New moon day brings vast expanse of blue mountains, all their rough edges smoothed away, rolling beneath a canvas streaked with clouds — puffy, streaky, wispy — in shades of pearl and dove gray, raising the ever-present desert question: is it going to rain?
Traveling north along U.S. 285, through some of New Mexico's Native American reservations, I got to thinking about how the feds are in Hawaii now, asking kanaka maoli about self-determination. Independence, which many of those testifying really want to talk about, isn't on the table.
Instead, the Department of Interior has much more specific consultation goals:
Should the Secretary propose an administrative rule that would facilitate the reestablishment of a government-to-government relationship with the Native Hawaiian community?
Should the Secretary assist the Native Hawaiian community in reorganizing its government, with which the United States could reestablish a government-to-government relationship?
If so, what process should be established for drafting and ratifying a reorganized Native Hawaiian government’s constitution or other governing document?
Should the Secretary instead rely on the reorganization of a Native Hawaiian government through a process established by the Native Hawaiian community and facilitated by the State of Hawaii, to the extent such a process is consistent with Federal law?
If so, what conditions should the Secretary establish as prerequisites to Federal acknowledgment of a government-to-government relationship with the reorganized Native Hawaiian government?
In other words, do kanaka want a version of the Akaka bill dished up entirely by the feds, or the state/OHA dominated process launched by the Hawaiian Roll Commission?
It's odd the DOI should be asking about a process for drafting a native Hawaiian government constitution when a perfectly good one already exists — the one that was in place when the independent Hawaiian nation was illegally overthrown and colonized by the United States.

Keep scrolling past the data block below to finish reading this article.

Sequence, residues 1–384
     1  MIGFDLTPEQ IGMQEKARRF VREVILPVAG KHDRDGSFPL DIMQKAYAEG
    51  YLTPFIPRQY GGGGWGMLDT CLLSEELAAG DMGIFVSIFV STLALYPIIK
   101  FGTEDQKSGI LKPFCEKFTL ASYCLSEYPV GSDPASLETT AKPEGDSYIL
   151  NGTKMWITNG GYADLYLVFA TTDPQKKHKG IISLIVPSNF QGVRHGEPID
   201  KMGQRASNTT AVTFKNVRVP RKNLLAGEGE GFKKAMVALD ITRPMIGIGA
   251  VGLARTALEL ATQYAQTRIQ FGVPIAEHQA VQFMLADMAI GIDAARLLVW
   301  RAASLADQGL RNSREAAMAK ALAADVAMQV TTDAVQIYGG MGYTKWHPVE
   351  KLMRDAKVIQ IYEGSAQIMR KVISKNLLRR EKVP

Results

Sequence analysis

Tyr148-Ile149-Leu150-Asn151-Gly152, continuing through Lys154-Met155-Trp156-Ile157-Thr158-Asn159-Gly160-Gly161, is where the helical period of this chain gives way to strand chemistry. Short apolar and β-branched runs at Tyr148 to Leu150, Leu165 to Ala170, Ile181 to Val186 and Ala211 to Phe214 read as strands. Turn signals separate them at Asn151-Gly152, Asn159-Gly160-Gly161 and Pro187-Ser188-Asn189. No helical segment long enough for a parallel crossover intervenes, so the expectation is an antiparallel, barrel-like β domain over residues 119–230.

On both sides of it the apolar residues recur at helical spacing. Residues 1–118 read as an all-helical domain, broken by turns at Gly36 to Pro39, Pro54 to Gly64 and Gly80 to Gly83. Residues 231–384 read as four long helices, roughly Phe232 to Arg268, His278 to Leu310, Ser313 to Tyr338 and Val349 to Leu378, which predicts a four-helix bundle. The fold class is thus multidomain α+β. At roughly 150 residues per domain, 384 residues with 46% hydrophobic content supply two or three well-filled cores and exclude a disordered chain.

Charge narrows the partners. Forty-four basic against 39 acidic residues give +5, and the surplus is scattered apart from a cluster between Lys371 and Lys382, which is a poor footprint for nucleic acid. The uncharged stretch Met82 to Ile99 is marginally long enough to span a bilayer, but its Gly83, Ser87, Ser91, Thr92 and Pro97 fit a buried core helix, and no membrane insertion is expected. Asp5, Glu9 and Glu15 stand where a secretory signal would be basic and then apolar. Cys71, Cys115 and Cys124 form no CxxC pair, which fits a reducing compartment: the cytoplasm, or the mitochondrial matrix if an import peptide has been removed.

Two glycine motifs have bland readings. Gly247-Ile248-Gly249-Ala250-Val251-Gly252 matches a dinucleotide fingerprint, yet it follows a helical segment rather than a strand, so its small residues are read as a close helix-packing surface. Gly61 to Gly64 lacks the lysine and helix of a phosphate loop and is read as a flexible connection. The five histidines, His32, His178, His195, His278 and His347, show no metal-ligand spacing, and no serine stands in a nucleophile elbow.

And it's telling that the feds are interested in dealing only with a reorganized Hawaiian government, as opposed to one that is reinstated, which apparently would require an admission of wrong-doing well beyond the Apology Act.
But cutting through the rhetoric, the long and short of it all is this: how shall the colonizers dictate the terms by which they recognize the colonized?
I pondered the “value” of federal recognition as I drove past gaudy billboards hawking 24-hour casinos, smoke shops selling tax-free cigarettes, liquor stores peddling cheap booze. Yes, those are the goodies the feds have handed down to Native Americans as paltry payment for land theft, cultural annihilation.
Federally recognized tribes have the right to cater to the lowest possible human vibration, to invite onto their reservations the destructive substances and elements that can help complete the process of genocide.
Oh, and as a further salute, their tribal names and traditional designs are painted onto the overpasses of highways that cut through their reservations.
Where is the value in federal recognition for kanaka maoli, especially when it means permanently extinguishing the hope and promise of an independent nation? Surely they can do better than that.
The DOI meetings on Kauai will be held form 6 to 9 p.m. Monday, June 30, at Waimea Neighborhood Center and Tuesday, July 1, at Kapaa Elementary School.